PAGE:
Apart from the above mentioned options, there are two other ways to help distinguish between two cards, and ultimately, a much more effective way to determine if the game can run on your system:
Direct X Compliance
Direct X is an interface designed to make it easier to speak directly with the graphics card. It is a popular means to 'standardise' the graphics; in complete contrast, early games would actually list all supported cards, and you would have to read through and confirm that your card was directly listed.
If a game lists itself as requiring a "Direct X 10 compatible card", you must have a card that supports Direct X 10, at the very least. Even if your card outperforms the physical requirements, Direct X sort of becomes the language, and earlier cards simply would not understand everything the game attempts to do.
"Let me google that for you"
It surprises me how informative a google search can be, on matters of graphic card support. I always use the format of "(card one) vs (card two)", and am always met with some good comparative statistics from trustworthy sites.
Most of the time, the comparison is detailed enough for me to understand if one card would outperform the other card. I can see how the layman might still find the information confusing, so this comes down to how well you understand graphics cards and the physical requirements behind gaming.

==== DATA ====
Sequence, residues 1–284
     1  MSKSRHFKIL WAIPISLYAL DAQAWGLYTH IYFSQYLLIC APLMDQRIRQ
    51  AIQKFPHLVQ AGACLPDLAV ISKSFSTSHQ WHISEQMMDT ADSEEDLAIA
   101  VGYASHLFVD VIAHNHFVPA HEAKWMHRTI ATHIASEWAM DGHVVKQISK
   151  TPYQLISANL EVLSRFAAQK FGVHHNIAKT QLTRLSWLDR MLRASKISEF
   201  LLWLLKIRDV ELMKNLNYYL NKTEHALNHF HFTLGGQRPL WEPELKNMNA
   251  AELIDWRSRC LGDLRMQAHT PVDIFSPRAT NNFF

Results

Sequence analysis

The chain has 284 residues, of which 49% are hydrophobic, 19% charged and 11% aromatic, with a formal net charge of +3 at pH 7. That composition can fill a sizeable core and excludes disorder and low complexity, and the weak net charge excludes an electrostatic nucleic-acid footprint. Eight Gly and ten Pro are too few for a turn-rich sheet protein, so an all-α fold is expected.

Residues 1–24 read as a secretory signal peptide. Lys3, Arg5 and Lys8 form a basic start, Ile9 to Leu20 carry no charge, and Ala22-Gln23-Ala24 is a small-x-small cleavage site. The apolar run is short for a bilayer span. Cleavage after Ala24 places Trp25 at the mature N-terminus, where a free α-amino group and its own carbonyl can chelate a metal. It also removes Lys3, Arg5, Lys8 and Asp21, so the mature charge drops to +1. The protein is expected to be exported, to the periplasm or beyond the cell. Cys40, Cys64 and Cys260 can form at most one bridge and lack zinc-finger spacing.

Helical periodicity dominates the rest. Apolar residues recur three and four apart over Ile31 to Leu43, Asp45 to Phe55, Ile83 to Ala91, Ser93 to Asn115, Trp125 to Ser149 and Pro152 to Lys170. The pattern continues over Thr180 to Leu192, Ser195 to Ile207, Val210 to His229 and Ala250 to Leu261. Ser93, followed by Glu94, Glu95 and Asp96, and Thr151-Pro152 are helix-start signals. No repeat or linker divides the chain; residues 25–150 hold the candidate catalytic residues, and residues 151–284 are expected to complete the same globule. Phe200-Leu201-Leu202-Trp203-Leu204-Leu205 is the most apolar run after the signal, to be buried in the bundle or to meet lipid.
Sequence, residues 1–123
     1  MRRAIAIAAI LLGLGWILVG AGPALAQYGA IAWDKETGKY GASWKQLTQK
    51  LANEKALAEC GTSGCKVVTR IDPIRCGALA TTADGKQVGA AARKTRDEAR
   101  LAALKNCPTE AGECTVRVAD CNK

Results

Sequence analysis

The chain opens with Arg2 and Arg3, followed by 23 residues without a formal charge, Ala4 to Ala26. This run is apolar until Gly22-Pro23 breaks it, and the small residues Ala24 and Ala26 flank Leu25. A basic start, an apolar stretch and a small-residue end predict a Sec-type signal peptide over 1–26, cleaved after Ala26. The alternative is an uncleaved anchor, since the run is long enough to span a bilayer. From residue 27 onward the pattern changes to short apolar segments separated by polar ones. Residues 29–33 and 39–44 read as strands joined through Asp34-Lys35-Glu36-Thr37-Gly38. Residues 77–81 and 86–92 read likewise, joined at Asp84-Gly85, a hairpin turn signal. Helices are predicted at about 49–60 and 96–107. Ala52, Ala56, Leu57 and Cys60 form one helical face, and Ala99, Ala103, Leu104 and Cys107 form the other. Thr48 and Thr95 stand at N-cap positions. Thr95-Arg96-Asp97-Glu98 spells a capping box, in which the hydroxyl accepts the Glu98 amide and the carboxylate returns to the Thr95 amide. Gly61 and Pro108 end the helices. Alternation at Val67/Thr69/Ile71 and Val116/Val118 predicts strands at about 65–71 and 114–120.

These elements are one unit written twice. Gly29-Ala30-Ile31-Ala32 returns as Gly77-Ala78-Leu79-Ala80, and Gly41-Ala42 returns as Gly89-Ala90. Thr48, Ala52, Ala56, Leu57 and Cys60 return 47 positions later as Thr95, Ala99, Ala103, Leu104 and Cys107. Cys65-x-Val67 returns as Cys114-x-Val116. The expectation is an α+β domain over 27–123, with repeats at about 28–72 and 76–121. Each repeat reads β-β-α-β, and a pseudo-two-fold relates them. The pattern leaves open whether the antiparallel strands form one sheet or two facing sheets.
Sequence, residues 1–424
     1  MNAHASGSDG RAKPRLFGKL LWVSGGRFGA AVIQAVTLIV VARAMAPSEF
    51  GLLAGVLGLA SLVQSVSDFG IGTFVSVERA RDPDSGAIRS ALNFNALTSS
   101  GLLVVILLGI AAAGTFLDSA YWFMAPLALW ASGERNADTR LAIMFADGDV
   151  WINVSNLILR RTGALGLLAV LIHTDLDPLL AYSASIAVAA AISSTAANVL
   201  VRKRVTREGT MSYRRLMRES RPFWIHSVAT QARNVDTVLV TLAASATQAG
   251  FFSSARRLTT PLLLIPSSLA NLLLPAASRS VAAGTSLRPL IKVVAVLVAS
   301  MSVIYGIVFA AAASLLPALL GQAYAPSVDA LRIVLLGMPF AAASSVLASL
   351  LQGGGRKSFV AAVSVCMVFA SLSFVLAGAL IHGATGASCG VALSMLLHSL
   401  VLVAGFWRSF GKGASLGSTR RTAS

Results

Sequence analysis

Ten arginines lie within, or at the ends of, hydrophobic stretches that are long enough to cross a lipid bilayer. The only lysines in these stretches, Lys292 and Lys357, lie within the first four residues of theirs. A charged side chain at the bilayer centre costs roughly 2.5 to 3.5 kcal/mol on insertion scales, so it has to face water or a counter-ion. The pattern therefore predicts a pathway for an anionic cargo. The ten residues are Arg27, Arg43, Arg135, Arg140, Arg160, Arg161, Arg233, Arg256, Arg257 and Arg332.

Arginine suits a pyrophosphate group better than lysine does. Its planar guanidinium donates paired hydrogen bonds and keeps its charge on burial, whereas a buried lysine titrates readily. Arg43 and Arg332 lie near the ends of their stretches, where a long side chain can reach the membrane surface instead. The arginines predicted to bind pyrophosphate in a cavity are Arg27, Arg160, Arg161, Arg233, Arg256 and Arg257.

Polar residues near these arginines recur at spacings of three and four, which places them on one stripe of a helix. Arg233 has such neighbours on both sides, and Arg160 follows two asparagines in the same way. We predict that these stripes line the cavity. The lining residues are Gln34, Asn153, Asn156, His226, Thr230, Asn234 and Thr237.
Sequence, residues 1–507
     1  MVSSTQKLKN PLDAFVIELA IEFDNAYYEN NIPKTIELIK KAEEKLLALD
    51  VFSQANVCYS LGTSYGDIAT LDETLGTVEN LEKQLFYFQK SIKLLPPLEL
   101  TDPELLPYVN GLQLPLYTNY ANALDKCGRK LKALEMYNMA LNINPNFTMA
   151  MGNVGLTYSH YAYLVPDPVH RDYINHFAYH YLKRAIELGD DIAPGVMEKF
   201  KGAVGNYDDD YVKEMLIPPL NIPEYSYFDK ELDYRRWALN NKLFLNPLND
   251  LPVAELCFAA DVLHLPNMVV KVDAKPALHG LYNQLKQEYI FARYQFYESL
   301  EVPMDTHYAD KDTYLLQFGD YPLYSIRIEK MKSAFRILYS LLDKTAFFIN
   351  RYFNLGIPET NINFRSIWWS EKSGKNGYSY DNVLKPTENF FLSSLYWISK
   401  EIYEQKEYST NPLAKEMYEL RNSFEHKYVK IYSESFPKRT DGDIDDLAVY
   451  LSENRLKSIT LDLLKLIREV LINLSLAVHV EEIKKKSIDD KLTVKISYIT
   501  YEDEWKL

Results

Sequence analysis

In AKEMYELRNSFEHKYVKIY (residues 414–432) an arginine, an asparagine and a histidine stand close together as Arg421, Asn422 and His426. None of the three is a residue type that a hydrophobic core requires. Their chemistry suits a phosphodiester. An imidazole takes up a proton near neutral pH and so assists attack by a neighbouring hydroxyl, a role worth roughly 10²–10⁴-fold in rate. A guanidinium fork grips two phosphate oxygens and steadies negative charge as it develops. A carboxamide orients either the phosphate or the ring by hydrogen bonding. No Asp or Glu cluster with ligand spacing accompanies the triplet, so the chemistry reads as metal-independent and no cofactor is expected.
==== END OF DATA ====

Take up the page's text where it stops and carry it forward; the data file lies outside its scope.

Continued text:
In this particular case, the first hit is a comparison made by UserBenchmark.com. In this case, your card outperforms the required card in all tests. The site even goes as far as commenting on what each performance test implys;
For example, your card outperforms the required card in lighting by approximately 500%. UserBenchmark defines this improvement as "Hugely better.. peak lighting effects, peak reflection handling, regular lighting effects and regular reflection handling". In this particular case, this tells us that your card should be able to handle the lighting effects of the game, and can probably handle lighting at a much higher level of detail, if you have the option of upgrading the lighting quality through the video options.
Try it for yourself
This is the best way to see if your system can handle the game. Try it out, for yourself. Either way, your system should handle it, or not. You won't blow up your card by trying to run a game that requires a faster unit unless you try really hard.
This can be difficult, depending on the game; Game demos are your friend. If a friend has a copy they can lend or give access to, even better.
In the case of Heroes of the Storm; the game is free to play. Try it out, it should run. If it does not, it is not like you have spend money on a game you can not play.